One of the most common questions that arise whenever holiday travelers visit tropical countries in Asia is whether they should carry medication to prevent malaria. The fact is that there is no single answer - it really depends on where you go and what you want. It is useful, for example, to take preventive medications against malaria, if you are planning to hike in northern Thailand, near the Myanmar border. The same measures are unnecessary for a trip to the popular beach of Phuket Island.
According to the World Health Organization (WHO), the protection against malaria is as easy as ABC. Here is your guide:
- Learn about existing malaria risks at your destination, and also on symptoms and the incubation periods.
- Pay special attention to period of time between sunset and sunrise, as it is he opportune time for mosquitoes to sting.
- Take appropriate medications for prevention.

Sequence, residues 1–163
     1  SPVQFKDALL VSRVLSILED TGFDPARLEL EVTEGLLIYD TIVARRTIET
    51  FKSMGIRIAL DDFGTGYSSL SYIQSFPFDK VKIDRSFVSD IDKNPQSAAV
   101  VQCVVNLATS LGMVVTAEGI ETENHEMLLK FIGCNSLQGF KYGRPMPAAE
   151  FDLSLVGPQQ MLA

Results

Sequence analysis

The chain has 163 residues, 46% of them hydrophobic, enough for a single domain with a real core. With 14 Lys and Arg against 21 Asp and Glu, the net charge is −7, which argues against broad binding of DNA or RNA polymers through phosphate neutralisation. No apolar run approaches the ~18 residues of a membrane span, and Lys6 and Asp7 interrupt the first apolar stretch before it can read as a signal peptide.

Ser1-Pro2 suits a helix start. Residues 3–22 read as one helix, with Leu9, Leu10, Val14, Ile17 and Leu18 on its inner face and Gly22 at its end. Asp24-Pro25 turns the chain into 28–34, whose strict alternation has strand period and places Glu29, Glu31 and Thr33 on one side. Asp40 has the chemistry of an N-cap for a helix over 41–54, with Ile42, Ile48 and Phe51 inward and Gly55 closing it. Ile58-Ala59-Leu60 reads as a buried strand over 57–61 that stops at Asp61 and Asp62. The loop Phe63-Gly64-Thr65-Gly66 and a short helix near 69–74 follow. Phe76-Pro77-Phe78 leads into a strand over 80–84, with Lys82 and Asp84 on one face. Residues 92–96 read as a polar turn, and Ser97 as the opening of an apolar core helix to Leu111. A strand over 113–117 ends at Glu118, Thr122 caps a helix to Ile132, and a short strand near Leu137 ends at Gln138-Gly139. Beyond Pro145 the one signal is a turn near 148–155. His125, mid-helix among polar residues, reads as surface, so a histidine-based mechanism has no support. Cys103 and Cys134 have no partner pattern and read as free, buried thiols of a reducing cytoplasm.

- Find a doctor immediately in the destination country if you get fever after a week.
How should I prepare?
With the above WHO strategies in mind and using common sense, protect yourself against malaria. Here are some additional tips:
- Check what clothes to pack. Because malaria is transmitted by mosquitoes, you can use simple measures to protect against bites, such as long clothing, insect repellent, and mosquito nets.
- If you stay in an area where there is a high risk of malaria, prepare yourself accordingly (Note: In many areas of high malaria risk, there are drug-resistant variants. Talk to your doctor and make sure that you have the correct medicines).
- Talk to your doctor openly about the real risks of infection during your trip. Do not forget that anti-malarial drugs can be expensive, have unpleasant side effects and not entirely effective. Make sure that it is really necessary to take them.
- Visit online forums to know other travelers’ experiences during their travel in malaria-prone countries.
Where more information can I get?
For information material, receive information about the list of malaria-prone countries, possible preventive measures to adapt from the appropriate authorities.